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The Chef Is Out for Now : Campanile's Mark Peel takes a leave of absence to do some home cooking, other projects.

November 06, 1997|ANGELA PETTERA | SPECIAL TO THE TIMES

Peel's Off: Campanile chef Mark Peel has decided to take an indefinite leave of absence from cooking duties at his and his wife Nancy Silverton's 8-year-old Hollywood restaurant. "It's nice to be able, after cooking for 22 years, to take a little time off," Peel says. He wants more time to spend gathering his children around the dinner table at home and to work on other projects. (The couple's new cookbook, "The Food of Campanile," is just out.) During his absence, Silverton, the celebrated pastry chef, is holding down the fort and Peel checks in just about every day to see how things are going. Suzanne Goin will be handling the duties as chef.

In Chapter 11 Or Not?: A few months back, we told you about a new restaurant-in-the-making on Fairfax Avenue in Los Angeles called Barnaby's. Well, Barnaby's the restaurant has not yet opened, but Barnaby's Hollywood LLC has filed for Chapter 11 reorganization. Owner Elliot Gottfurcht says that Barnaby's Restaurant Inc. is totally separate from Barnaby's Hollywood LLC, which owns the building the restaurant occupies. "The restaurant is planning to open in the spring. The building will be out of reorganization by the end of the year. One has nothing to do with the other." OK.

The Risotto-Matt: Matt McLinn, who was chef at Morton's and, briefly, at Rix, is taking his cooking in a new direction: fast food. He's planning to open a risotto bar in the food court of the Beverly Center. This may be the first time on record anyone ever characterized the northern Italian rice dish, which traditionally takes 20 minutes to cook, stirring by hand, as fast food. Whatever. His risotto menu will include beet, tomato and basil, and lobster and prawn versions, priced anywhere from $3.25 to $6.25 a bowl. To round out the rice dishes, McLinn's place will offer some side dishes such as sweet potato fritters, butternut squash, and risotto chips. He will also make fresh lemonade. McLinn's plans are still in the early stages, but look for an opening in about three months.

Chocolate Heaven: The Ritz-Carlton in Marina del Rey is having a chocolate-lovers' weekend Nov. 14-16. Each event is priced separately, but scheduled so that you can attend all. The weekend begins with a reception on Friday night, and moves to a cooking-with-chocolate class on Saturday morning. Saturday afternoon, there are no less than three chocolate-paired tastings: tea and chocolate first, then cognac and chocolate, and finally pink champagne and chocolate. Saturday night brings a six-course chocolate dinner, and if that's not enough for you, Sunday morning lets you tuck into a chocolate brunch. For prices, times and reservations, call the Ritz-Carlton at (310) 823-1700.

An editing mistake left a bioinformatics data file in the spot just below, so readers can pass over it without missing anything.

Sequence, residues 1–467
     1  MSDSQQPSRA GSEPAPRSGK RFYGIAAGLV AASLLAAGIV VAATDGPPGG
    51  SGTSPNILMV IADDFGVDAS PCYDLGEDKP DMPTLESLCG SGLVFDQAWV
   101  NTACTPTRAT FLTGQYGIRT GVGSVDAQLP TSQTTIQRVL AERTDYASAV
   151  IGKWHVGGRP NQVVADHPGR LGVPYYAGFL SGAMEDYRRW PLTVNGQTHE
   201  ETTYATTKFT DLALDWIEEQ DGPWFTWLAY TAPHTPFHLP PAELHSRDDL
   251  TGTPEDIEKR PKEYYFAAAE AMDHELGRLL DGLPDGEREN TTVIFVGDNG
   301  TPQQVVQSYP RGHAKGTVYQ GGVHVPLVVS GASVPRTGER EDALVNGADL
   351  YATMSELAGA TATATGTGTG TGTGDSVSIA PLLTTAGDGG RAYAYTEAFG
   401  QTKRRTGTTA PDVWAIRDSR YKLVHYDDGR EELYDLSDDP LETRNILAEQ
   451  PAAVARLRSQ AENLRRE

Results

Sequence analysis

* The Ritz-Carlton, 4375 Admiralty Way, Marina del Rey; (310) 823-1700.

The Rename Game: Celestino Drago has officially changed the name of his Pasadena restaurant from Il Pastaio to Celestino. The menu is still Italian, but has been expanded to include more Sicilian specialties. And the decor has been made more homey.

Meanwhile, Clearwater Cafe in Pasadena now wants to be known as Clearwater Seafood in order to emphasize its new dedication to seafood. When the restaurant first opened, it served seafood along with lighter California fare and organic options. The organic angle was dropped about four months after opening. Recently the restaurant has installed an oyster bar, a lobster tank and a crab tank. And the menu now reflects more of the New Orleans style of cooking.

* Celestino, 141 S. Lake Ave., Pasadena; (626) 795-4006.

* Clearwater Seafood, 168 W. Colorado Blvd., Pasadena; (626) 356-0959.

A Lower, Wider Le Chardonnay: Le Chardonnay's owner, Maurice Constantin, has decided to lower the dinner prices at his establishment to bring in a wider crowd. Entrees that once began at $19.95 now begin at $16.95, and at least six entrees now fall under the $20 mark. Yea for the commoner.

* Le Chardonnay, 8284 Melrose Ave., L.A.; (213) 655-8880.

Farewell, Sweet Princess. The Siamese Princess on 3rd Street in L.A., which recently became the the Siamese Princess Ginger Grill, will be closing its doors soon. The new concept and chef for the restaurant didn't work out, so these next few weeks are your last chance to visit the princess in all her ginger glory.

* The Siamese Princess Ginger Grill, 8048 W. 3rd St., Los Angeles; (213) 653-2643.

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